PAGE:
Well, first of all it's high time you realized you have to move on to Google Books (which shows books published and edited in English, thus providing a much more educated medium) from vanilla Google (which shows many non-native or uneducated examples).
Now, at Google Books:
"It's a long time that"
About 90 results
"It's a long time since"
About 279,000 results
ANY teacher and specialist would tell you based on the very low ratio here that the first is non-idiomatic and they would be right.
Now, this doesn't mean educated natives have never used this construct, see:
Letters of Lady Rachel Russell: from the manuscript in the ... -
Page 74 Lady Rachel Russell, Thomas Sellwood - 1809 IN my opinion
it's a long time that I have interrupted that commerce with which you have been pleased to honour me on your part, by my omitting to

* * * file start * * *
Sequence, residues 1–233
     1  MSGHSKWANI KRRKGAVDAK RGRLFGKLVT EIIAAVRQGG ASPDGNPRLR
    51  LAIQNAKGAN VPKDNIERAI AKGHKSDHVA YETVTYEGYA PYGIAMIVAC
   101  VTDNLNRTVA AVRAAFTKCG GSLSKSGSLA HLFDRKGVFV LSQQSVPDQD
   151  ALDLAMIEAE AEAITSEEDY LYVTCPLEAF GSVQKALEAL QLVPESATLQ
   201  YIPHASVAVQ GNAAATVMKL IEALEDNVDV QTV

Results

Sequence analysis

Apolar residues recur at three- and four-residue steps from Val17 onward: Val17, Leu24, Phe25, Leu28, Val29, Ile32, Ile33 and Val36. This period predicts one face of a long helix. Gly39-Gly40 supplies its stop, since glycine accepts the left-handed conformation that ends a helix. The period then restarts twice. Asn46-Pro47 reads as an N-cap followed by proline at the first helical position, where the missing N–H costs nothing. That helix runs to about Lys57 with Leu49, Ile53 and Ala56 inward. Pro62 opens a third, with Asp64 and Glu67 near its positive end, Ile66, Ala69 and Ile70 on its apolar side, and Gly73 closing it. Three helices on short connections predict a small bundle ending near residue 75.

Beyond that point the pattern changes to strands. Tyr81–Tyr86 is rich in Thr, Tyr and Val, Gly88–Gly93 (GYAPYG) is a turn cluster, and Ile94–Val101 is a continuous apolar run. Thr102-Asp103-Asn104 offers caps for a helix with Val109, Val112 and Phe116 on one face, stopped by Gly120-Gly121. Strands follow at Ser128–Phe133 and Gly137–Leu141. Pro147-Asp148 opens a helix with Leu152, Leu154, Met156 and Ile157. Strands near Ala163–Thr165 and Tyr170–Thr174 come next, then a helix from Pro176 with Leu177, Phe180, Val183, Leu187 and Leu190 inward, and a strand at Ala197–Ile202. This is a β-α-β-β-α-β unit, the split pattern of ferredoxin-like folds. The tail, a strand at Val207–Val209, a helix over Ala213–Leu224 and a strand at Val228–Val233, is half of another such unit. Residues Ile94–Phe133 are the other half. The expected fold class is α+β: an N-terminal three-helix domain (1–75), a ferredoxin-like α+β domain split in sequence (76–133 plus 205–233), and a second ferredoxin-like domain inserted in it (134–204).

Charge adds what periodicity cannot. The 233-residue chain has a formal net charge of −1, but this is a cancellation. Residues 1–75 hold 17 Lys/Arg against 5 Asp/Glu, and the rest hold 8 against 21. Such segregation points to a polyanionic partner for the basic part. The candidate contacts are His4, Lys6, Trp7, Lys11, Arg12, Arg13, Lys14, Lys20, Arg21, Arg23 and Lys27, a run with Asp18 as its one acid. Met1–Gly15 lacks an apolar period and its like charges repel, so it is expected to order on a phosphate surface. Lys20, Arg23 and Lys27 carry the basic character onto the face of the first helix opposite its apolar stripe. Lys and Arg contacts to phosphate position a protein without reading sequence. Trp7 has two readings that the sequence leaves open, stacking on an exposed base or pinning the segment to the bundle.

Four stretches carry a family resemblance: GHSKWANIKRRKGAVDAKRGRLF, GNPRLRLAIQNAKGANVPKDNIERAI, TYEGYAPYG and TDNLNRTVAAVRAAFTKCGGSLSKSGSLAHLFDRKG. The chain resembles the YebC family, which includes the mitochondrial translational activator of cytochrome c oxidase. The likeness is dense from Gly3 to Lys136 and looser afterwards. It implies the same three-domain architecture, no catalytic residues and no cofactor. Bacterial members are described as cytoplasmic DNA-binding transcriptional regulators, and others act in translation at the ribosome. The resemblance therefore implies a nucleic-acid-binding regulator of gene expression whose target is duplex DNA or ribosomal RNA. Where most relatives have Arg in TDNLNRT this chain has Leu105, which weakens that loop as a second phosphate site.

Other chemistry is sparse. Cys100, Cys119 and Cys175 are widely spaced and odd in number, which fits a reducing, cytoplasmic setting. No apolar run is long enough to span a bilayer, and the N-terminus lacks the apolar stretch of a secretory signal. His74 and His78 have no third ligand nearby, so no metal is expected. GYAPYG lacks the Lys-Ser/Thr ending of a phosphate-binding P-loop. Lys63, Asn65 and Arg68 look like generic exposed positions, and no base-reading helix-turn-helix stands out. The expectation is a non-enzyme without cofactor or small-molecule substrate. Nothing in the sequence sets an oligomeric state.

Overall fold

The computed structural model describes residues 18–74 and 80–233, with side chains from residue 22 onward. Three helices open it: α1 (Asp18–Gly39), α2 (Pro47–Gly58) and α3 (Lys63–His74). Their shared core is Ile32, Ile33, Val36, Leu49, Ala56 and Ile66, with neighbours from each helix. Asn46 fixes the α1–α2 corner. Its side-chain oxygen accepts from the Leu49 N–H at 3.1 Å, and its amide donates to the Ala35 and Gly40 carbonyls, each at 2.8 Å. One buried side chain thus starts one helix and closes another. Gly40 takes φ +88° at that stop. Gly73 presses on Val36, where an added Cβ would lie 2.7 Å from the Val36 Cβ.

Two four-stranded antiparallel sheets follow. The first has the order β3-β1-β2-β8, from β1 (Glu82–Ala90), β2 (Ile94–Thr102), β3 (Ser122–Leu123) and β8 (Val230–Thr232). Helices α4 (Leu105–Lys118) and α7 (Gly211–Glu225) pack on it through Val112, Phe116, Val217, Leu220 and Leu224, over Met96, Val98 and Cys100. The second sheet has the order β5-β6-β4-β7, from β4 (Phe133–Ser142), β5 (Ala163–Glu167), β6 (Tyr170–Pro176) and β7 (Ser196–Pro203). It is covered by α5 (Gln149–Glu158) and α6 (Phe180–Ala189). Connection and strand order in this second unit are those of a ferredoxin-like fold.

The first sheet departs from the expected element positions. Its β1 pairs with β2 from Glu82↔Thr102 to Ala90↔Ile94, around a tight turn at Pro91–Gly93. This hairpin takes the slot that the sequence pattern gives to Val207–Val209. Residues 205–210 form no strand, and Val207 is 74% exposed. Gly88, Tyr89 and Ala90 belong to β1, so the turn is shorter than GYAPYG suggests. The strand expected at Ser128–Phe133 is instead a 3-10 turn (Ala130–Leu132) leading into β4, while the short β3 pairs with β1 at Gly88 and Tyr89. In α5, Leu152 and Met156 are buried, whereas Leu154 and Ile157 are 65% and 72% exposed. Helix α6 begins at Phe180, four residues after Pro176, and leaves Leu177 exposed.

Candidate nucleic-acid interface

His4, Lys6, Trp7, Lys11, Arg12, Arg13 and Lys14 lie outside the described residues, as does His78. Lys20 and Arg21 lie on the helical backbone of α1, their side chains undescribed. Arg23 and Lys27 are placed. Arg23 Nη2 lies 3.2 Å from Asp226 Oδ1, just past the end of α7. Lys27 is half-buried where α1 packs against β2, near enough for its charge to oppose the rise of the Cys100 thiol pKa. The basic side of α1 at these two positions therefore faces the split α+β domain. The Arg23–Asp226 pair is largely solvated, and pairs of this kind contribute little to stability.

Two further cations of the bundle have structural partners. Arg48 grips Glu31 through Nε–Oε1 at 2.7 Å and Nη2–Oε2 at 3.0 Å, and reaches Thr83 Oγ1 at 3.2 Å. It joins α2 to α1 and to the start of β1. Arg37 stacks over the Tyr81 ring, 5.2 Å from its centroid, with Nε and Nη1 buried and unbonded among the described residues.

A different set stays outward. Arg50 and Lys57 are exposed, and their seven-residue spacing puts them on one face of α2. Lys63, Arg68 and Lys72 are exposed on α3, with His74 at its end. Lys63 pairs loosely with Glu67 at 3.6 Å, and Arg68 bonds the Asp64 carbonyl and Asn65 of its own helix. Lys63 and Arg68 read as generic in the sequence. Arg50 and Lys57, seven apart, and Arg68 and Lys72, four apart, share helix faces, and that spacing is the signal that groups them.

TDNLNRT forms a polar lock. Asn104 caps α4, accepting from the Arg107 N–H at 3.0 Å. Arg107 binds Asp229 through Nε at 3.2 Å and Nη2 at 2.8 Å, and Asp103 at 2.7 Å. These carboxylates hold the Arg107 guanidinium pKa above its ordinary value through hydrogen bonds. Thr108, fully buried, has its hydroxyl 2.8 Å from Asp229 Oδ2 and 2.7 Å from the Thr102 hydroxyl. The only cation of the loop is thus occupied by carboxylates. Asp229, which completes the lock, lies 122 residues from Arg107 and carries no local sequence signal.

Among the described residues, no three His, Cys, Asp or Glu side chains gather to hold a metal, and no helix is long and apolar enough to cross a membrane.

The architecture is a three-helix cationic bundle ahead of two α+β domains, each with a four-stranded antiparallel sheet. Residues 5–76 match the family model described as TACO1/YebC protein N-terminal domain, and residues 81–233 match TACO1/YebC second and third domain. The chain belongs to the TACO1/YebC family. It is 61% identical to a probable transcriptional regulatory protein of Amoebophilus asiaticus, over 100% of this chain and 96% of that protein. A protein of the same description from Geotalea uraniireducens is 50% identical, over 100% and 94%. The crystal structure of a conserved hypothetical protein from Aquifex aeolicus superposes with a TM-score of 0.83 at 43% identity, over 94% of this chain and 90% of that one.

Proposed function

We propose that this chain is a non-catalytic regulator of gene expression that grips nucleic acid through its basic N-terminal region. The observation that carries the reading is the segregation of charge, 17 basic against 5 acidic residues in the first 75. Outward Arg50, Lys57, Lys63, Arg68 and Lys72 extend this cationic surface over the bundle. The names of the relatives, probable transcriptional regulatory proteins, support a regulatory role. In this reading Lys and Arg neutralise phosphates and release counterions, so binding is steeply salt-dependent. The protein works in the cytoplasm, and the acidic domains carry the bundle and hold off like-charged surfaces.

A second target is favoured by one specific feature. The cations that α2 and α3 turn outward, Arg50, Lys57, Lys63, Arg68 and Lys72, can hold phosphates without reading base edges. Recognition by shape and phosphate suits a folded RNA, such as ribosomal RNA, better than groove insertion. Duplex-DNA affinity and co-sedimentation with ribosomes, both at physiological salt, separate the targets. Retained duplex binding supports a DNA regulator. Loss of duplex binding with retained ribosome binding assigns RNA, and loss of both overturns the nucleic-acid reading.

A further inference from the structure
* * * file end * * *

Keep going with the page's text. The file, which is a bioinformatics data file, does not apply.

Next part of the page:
make the due acknowledgments I ought for the packet of foreign
letters, and your own letter .
This is a doctor writing to Lady Russell in the 18C.
You might have seen somewhere this archaic style, and memorized it. And if so, good for you, but it doesn't make it idiomatic today.
Further, what this doctor says seems to me slightly different from the "since" construct:
*"It's a long time that I have interrupted that commerce."
seems to me to mean:
"That I have interrupted that commerce it's a long time."
or, further, very roughly:
"The fact that I have interrupted that commerce is equal to a long time."
which seems to me different from the process involved in "since" where we're looking along the time axis from a point on forward.
But this is just my speculation.
BTW, before researching this, I might have accepted your sentence, but I might have told you it's dialect or similar:-)